On a cloudy, moonless night somewhere in northeastern China, three men creep through a stand of Japanese Clethra trees. They carry no flashlights, and the sky is so dark that they hear the sound of the rushing Tumen River before they see it: They’ve arrived at the North Korean border.
Earlier in the evening at a nearby restaurant, they treated the local Chinese police chief and head of the border patrol to a blowout feast. Following an after-meal session of pricey Chunghwa cigarettes and shots of Moutai liquor, the officials made phone calls telling subordinates to abandon their posts for several hours.
A middle-aged North Korean defector named Jung Kwang-il, steps into the tall weeds of the riverbank. He pulls out a cheap laser pointer and flashes it across the water. Then he waits for a response: If he sees an X slashed through the air by a laser on the opposite bank, the operation will be called off. Instead, he’s answered with a red circle painted through the darkness.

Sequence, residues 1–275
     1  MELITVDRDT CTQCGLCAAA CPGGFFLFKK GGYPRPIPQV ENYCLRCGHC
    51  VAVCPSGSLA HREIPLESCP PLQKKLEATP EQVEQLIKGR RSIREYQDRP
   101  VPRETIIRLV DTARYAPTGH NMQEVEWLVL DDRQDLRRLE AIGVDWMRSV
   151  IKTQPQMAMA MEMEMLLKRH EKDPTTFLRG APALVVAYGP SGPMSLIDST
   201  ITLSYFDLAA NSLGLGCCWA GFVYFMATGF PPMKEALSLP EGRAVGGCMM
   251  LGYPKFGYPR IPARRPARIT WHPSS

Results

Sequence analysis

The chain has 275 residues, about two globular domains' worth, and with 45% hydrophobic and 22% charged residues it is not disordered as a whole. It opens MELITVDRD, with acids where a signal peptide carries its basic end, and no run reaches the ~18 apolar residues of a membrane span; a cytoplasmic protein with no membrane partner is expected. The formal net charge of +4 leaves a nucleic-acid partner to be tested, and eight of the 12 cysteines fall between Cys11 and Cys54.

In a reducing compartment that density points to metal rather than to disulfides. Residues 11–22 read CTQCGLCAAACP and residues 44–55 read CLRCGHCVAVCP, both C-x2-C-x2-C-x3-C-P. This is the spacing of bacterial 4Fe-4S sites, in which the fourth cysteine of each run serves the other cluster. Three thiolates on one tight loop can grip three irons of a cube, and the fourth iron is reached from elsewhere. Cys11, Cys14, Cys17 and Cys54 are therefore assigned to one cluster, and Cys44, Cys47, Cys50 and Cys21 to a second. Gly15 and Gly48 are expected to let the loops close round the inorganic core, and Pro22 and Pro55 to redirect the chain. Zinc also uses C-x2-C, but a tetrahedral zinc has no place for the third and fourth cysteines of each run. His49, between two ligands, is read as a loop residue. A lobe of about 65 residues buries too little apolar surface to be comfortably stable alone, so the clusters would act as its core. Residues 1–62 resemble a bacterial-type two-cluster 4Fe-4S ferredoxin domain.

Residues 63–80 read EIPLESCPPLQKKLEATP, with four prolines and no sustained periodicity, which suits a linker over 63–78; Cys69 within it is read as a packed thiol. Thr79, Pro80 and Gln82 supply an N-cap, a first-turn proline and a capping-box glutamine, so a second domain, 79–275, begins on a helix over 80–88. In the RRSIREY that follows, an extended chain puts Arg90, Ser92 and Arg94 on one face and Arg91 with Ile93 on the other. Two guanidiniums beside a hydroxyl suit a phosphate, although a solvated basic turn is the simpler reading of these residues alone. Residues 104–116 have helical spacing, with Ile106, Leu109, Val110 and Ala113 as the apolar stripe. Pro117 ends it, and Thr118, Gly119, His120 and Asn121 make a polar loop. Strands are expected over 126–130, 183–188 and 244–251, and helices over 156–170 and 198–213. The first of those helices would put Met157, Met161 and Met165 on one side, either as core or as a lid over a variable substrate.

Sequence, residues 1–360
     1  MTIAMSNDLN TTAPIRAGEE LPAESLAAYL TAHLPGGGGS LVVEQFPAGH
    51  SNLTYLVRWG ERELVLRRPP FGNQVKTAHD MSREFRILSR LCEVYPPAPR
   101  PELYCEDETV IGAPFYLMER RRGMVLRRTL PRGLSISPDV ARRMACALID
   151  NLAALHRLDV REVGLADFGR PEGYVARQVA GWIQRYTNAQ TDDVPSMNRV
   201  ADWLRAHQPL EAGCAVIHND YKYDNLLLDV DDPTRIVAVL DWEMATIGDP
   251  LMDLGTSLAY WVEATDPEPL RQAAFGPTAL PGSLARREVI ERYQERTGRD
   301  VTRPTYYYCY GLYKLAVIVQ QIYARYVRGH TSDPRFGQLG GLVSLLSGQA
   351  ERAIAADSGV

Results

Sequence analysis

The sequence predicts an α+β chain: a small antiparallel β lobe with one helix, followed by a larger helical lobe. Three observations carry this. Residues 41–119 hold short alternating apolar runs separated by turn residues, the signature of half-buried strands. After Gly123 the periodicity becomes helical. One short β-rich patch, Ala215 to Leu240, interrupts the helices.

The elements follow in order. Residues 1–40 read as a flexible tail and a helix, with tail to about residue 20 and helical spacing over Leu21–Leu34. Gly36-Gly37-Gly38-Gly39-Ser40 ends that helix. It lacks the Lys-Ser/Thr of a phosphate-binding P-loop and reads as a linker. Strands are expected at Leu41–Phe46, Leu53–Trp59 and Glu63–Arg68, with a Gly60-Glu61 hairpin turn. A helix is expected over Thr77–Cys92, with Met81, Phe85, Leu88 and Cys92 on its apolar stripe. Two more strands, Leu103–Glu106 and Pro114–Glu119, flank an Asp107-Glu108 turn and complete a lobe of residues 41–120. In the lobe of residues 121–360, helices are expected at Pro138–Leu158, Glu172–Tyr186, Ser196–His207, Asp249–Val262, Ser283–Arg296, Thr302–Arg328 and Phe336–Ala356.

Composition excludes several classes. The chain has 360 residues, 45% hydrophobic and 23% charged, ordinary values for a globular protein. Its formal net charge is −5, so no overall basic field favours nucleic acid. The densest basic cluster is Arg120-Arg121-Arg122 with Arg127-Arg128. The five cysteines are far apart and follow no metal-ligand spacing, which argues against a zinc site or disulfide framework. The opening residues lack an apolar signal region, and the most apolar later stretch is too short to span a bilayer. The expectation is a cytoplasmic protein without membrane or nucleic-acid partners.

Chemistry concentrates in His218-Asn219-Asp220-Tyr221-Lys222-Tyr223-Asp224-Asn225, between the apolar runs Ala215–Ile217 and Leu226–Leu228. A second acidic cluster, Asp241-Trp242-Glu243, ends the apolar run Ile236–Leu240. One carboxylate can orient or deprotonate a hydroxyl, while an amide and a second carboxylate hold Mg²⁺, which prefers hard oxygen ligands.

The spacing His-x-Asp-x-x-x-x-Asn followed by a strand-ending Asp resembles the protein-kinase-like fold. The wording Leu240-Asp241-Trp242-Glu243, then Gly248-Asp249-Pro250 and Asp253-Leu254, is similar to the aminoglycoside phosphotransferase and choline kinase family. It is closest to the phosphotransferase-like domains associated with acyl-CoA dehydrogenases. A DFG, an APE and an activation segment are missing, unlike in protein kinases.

Soon after, a compact man dressed in only a hoodie and boxer shorts wades out of the waist-high water and onto the riverbank where Jung and his companions stand. Jung arranged the meeting earlier in the day using coded language over walkie-talkies. Jung hands the man a tightly wrapped plastic bag containing a trove of precious black-market data: 200 Sandisk USB drives and 300 micro SD cards, each packed with 16 gigabytes of videos like Lucy, Son of God, 22 Jump Street, and entire seasons of South Korean reality television shows, comedies, and soap operas.
The man in the hoodie slings the bag of digital contraband over his shoulder. Then he says good-bye and disappears back into the world’s deepest black hole of information. Continued